Trust and belief: A preemptive reasons account

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According to doxastic accounts of trust, trusting a person to Φ involves, among other things, holding a belief about the trusted person: either the belief that the trusted person is trustworthy or the belief that she actually will Φ. In recent years, several philosophers have argued against doxastic accounts of trust. They have claimed that the phenomenology of trust suggests that rather than such a belief, trust involves some kind of non-doxastic mental attitude towards the trusted person, or a non-doxastic disposition to rely upon her. This paper offers a new account of reasons for trust and employs the account to defend a doxastic account of trust. The paper argues that reasons for trust are preemptive reasons for action or belief. Thus the Razian concept of preemptive reasons, which arguably plays a key role in our understanding of relations of authority, is also central to our understanding of relations of trust. Furthermore, the paper argues that acceptance of a preemptive account of reasons for trust supports the adoption of a doxastic account of trust, for acceptance of such an account both neutralizes central objections to doxastic accounts of trust and provides independent reasons supporting a doxastic account.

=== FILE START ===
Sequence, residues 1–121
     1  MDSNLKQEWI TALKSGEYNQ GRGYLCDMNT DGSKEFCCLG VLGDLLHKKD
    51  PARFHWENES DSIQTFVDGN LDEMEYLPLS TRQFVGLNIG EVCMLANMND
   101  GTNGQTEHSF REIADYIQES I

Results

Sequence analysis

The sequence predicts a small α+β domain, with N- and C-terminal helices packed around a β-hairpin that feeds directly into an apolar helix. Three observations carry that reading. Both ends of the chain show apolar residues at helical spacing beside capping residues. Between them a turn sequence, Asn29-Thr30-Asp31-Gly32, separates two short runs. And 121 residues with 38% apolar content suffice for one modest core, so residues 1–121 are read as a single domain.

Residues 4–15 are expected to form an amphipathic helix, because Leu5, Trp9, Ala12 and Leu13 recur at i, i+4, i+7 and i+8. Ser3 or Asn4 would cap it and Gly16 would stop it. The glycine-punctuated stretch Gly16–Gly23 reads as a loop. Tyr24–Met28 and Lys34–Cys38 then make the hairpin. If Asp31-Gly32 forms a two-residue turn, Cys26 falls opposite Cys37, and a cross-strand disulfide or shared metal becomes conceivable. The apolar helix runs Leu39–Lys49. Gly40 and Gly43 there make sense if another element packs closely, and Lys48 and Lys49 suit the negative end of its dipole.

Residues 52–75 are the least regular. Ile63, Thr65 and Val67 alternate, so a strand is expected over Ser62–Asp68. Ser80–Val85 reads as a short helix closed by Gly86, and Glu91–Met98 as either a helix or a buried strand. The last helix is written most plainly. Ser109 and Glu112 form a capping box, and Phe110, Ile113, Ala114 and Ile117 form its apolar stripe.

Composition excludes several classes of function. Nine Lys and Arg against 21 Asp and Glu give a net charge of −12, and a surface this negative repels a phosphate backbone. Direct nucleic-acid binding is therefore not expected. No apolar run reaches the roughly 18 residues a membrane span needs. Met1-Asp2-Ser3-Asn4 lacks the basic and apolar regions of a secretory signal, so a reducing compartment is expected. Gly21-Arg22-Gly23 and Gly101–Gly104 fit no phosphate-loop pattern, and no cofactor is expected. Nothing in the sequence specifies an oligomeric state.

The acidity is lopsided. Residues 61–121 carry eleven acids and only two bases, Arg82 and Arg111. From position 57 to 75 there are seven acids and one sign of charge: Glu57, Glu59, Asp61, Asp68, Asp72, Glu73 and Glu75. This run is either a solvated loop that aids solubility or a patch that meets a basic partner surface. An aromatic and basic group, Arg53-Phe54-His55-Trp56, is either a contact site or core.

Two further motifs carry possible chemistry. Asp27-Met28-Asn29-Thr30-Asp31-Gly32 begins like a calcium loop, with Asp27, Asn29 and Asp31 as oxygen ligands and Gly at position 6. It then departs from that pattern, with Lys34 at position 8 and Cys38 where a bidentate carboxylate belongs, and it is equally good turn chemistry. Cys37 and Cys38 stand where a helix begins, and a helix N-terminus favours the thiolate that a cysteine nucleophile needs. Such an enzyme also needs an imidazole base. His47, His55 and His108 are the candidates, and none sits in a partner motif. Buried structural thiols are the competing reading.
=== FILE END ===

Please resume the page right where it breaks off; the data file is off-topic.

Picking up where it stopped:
Original languageEnglish
Pages (from-to)2593-2615
Number of pages23
Issue number12
StatePublished - Jul 2014

Bibliographical note

Funding Information:
Acknowledgments Research on this paper was generously funded by the Israel Science Foundation (Grant No. 714/12). An earlier version of this paper was presented at the International Conference on Theoretical and Rational Rationality at the Israel Institute of Advanced Studies. For helpful comments, I am grateful to participants at the conference, to the editors and anonymous reviewers of this journal, and to Iddo Landau, Ariel Meirav, Collin O’neil, and Saul Smilansky. I am especially grateful to Joseph Raz.


  • Authority
  • Belief
  • Reason
  • Testimony
  • Trust

ASJC Scopus subject areas

  • Philosophy
  • General Social Sciences


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